My sister has quit as my fathers durable power of attorney , I'm my fathers caregiver for 5 years now and want to take over for her as his POA . He has late stage dementia and can't speak for himself. Do I need a lawyer and what kind of a lawyer ?

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Talk with an Elder Law attorney in your state. If your father has lost capacity to make financial or health care decisions, you will need the authority of a Court to manage his affairs, unless he designated an alternate person to step up and serve as his agent.

Probate Court Guardianship supervises a person's medical care. Conservatorship oversees a person's financial matters. If an elder loses the ability to communicate informed decisions, someone else must speak for that person. If you are willing to serve, you can petition to ask the Court to give you authority. But there are costs and time commitments. An Elder Law Attorney in your state can explain your options. If your father is needy, there may be programs in your state that provide legal services and professional guardianship services. But you have to consider the loss of control that goes with assenting to have others act on behalf of your loved one.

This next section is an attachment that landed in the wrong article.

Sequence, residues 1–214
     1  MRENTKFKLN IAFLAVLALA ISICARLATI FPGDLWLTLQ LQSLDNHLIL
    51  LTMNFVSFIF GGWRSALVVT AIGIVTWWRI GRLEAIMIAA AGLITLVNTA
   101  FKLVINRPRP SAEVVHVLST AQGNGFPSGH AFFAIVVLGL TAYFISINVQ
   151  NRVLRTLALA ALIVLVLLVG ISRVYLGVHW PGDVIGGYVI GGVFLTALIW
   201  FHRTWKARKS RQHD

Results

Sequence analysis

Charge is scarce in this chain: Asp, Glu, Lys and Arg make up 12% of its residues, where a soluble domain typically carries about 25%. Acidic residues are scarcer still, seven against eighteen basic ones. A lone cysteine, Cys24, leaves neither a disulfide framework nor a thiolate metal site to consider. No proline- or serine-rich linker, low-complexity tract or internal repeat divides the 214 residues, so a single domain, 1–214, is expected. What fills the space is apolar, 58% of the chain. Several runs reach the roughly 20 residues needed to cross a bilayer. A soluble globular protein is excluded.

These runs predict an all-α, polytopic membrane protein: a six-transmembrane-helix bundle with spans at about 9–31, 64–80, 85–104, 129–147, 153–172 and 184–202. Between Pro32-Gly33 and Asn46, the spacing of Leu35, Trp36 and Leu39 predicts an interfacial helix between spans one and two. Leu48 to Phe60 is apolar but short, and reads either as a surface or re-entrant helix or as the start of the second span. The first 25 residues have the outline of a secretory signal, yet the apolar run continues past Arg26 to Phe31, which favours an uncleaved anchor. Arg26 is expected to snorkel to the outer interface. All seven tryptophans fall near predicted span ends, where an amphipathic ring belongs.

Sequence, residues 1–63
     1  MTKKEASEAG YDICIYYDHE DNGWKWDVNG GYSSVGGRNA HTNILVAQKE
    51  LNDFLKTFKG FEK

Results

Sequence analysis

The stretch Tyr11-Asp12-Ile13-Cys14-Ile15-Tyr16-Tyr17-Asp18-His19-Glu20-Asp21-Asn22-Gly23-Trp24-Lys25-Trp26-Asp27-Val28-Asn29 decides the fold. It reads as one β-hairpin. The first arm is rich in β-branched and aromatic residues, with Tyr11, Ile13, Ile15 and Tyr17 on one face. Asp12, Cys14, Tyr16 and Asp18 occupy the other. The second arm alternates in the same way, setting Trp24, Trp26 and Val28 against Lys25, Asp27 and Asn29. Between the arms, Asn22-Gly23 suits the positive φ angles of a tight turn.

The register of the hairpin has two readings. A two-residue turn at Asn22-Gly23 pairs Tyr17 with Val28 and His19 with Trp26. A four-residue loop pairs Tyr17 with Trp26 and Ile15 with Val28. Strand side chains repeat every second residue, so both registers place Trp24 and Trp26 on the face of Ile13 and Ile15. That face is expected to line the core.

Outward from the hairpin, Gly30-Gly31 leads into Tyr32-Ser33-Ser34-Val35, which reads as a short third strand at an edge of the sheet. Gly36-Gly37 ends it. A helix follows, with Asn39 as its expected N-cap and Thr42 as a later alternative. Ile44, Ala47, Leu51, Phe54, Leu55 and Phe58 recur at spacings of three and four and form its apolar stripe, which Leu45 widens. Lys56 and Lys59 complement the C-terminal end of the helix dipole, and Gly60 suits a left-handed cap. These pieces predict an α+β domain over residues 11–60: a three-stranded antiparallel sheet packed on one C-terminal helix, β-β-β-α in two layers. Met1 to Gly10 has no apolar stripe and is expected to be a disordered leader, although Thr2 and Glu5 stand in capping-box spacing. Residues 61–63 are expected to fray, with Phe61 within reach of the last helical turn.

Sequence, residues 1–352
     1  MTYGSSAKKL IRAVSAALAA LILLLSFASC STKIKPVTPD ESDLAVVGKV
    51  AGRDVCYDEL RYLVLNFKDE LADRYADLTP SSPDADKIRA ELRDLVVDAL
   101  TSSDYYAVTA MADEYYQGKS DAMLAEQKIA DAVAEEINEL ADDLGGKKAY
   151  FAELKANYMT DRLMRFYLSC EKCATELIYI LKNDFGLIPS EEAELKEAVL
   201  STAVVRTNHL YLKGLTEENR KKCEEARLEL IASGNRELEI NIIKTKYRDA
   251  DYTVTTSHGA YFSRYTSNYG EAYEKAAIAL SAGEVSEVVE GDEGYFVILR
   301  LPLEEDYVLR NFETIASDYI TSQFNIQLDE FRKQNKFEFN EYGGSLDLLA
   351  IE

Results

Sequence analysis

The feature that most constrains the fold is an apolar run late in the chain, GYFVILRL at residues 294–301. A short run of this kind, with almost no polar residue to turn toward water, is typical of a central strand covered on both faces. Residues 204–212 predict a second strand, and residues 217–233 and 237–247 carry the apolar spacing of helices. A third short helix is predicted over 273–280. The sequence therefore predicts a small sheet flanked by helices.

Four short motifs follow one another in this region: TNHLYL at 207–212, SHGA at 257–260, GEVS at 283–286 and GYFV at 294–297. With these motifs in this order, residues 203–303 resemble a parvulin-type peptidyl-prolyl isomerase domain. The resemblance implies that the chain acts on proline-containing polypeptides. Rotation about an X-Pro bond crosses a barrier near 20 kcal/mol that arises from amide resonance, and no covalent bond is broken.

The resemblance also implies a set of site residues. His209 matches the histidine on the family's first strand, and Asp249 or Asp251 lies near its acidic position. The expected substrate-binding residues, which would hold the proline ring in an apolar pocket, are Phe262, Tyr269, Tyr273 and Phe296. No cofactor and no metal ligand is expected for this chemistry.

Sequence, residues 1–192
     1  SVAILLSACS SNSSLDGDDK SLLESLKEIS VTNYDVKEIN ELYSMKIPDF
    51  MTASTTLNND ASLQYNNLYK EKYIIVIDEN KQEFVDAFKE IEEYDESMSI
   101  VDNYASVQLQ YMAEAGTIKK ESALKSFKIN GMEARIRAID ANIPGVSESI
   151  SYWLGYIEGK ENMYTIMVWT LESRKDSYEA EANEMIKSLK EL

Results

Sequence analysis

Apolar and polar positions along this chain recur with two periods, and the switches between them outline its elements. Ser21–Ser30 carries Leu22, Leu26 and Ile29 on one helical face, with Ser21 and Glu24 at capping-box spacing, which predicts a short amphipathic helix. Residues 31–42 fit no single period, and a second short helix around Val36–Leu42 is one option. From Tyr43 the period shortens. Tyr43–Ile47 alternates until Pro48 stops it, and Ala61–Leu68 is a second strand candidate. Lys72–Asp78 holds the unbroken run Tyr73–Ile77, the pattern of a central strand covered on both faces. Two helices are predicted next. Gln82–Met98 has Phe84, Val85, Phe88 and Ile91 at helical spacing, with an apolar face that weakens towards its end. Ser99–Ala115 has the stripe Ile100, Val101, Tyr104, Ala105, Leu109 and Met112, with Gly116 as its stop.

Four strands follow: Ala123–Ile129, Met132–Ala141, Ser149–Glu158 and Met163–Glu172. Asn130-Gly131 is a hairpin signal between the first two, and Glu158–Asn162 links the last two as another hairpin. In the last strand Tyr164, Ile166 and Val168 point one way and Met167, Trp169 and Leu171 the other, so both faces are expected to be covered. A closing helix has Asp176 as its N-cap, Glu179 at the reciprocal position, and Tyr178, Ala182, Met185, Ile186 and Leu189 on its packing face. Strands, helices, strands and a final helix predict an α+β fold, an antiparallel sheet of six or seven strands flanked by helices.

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Also, who is named a successor POA in the POA itself, after your sister? Does the POA have any language regarding your sister being able to name another POA if she is no longer able or willing to continue?

If there are no successors named or no succession rights in the current POA, 97yroldmom is correct. From a legal perspective, he has to have capacity and competency to execute a new POA and it sounds like he's past that point. Guardianship and conservatorship (if separate in your state) would be an option to consider. I second the suggestion to consult with an elder law attorney for further assistance.
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Hi Ralph.
I'm sorry but it doesn't sound like your dad is able to give you a power of attorney in his current condition. He is the only one who can sign as POA for himself.
I would suggest you see an elder attorney and see what you are able to do. Usually guardianship must be filed for and awarded by the courts when the person is no longer competent.
Is it possible that your sister would consider continuing? Perhaps she would visit the attorney with you to discuss dads options and her possible responsibilities to continue as his POA.
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